“I’m more than sorry for the pain I caused my parents,” Farah said, his voice choked with emotion. “If I had listened to them I wouldn’t be here today.” I’m sure that his parents are as moderate as the day is long, but where exactly did Adnan Abdihamid Farah learn his Islam? Have authorities investigated his local mosque? Or are they simply content to believe that he was “radicalized on the Internet”?
“Minnesota man changes plea to guilty in Islamic State case,” by Steve Karnowski, Associated Press, April 14, 2016 (thanks to Lookmann):
MINNEAPOLIS (AP) — One of five Minnesota men due to go on trial next month for conspiring to provide material support to the Islamic State group changed his plea Thursday to guilty, saying he succumbed to propaganda videos that preached jihad.
Adnan Abdihamid Farah, 20, pleaded guilty to one count of conspiracy to provide material support to a foreign terrorist organization. Three other counts were dropped, including conspiracy to commit murder outside the United States. Farah faces a maximum of 15 years in prison but avoided a possible life sentence by taking the plea deal.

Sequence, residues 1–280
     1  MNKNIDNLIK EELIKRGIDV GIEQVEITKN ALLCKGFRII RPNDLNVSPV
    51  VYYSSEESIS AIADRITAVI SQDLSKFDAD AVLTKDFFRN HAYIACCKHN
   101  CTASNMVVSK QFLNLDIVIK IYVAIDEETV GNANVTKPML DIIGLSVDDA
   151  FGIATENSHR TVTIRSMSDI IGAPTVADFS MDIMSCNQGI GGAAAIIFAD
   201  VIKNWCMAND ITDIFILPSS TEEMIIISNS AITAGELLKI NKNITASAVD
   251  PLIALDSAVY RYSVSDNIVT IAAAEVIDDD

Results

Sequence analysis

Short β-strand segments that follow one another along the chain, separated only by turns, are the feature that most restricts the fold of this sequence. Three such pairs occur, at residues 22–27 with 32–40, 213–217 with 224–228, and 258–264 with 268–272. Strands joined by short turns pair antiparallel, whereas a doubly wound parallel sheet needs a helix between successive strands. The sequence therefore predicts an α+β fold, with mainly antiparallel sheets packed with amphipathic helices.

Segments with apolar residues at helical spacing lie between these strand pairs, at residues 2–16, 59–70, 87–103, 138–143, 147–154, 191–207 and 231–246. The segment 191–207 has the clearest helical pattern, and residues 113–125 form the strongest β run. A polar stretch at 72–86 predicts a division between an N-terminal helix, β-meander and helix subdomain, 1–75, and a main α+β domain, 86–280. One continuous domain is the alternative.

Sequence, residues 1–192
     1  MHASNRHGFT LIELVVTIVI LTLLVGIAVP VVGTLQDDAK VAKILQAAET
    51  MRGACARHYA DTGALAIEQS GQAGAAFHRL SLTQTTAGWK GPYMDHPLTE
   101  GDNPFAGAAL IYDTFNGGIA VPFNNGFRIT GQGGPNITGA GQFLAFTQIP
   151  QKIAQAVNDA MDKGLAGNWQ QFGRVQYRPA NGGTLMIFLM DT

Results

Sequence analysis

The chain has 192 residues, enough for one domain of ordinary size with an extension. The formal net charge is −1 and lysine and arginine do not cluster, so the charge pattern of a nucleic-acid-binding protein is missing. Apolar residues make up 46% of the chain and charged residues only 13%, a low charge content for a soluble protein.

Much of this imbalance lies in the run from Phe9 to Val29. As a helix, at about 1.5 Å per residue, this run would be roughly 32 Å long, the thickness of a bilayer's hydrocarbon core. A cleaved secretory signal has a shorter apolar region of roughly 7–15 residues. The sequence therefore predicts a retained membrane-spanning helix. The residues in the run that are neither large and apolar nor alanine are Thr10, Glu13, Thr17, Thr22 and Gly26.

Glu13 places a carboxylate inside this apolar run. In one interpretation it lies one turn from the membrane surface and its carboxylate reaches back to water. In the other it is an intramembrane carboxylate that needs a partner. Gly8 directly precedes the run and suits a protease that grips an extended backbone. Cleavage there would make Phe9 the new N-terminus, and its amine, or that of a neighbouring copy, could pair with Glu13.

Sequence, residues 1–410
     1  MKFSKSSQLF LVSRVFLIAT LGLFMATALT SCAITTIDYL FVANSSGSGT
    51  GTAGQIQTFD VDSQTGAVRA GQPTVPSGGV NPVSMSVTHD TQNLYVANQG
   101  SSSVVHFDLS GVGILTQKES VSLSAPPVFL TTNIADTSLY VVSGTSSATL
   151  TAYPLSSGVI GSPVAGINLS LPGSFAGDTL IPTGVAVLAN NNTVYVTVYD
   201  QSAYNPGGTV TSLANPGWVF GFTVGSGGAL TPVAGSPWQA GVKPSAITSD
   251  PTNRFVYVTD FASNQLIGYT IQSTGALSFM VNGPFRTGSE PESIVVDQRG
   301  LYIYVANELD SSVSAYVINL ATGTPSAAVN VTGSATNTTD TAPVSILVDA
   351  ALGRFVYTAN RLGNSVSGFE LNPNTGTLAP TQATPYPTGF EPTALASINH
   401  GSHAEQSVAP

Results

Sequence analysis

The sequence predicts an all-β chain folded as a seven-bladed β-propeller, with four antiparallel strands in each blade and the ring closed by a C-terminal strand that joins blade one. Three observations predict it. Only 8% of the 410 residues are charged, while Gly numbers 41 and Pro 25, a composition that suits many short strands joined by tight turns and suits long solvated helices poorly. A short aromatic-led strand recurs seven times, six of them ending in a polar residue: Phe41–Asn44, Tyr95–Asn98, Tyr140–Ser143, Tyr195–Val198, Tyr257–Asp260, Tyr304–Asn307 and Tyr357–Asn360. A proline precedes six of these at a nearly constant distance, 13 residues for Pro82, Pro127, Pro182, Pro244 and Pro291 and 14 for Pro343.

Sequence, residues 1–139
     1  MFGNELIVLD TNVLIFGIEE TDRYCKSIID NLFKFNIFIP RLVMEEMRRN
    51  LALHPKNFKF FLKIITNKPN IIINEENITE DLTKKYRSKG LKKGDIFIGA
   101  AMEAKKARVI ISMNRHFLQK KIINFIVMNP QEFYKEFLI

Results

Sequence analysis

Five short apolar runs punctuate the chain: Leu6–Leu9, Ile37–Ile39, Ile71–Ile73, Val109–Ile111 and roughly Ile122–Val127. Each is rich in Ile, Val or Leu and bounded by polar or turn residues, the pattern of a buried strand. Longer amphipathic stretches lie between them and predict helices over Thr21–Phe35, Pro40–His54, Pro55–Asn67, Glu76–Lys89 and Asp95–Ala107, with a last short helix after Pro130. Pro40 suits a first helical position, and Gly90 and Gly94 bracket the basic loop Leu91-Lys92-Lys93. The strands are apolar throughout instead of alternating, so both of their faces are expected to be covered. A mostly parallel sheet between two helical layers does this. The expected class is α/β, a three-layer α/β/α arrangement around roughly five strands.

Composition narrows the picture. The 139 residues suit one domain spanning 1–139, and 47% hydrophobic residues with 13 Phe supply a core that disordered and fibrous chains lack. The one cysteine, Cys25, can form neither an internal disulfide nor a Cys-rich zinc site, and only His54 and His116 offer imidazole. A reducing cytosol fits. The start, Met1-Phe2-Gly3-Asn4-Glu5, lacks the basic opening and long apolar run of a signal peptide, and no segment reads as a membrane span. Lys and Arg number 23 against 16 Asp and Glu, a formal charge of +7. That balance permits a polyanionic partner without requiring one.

“I take responsibility for myself and actions I committed,” Farah told U.S. District Judge Michael Davis, who didn’t set a sentencing date.
The hearing was interrupted for about 45 minutes after Farah’s mother, Ayan Farah, 39, collapsed with chest pain as proceedings got underway. Security personnel hustled her son out of the courtroom, and medics took her to a hospital for treatment. There was no immediate word on her condition.
Adnan Farah’s brother, Mohamed Abdihamid Farah, 22, is among the other four defendants who are scheduled to go on trial May 9. Adnan Farah’s attorney, Kenneth Udoibok, said the stress of the case has been weighing heavily on their mother.
Altogether, 10 Minnesota men have been charged with conspiracy to provide material support to the Islamic State group as part of the investigation. Five have now pleaded guilty, one remains at large. About a dozen Minnesota residents have traveled to Syria to join militant groups there in recent years.
Unlike the other defendants, Adnan Farah wasn’t accused of trying to travel to Syria to fight for the Islamic State. But he told Davis that he applied for an expedited U.S. passport with the intention of doing so. He said his parents confiscated the passport when it came in the mail early. He then put a $100 down payment on a fake passport and also tried to help a co-defendant get one.
“I’m more than sorry for the pain I caused my parents,” Farah said, his voice choked with emotion. “If I had listened to them I wouldn’t be here today.”…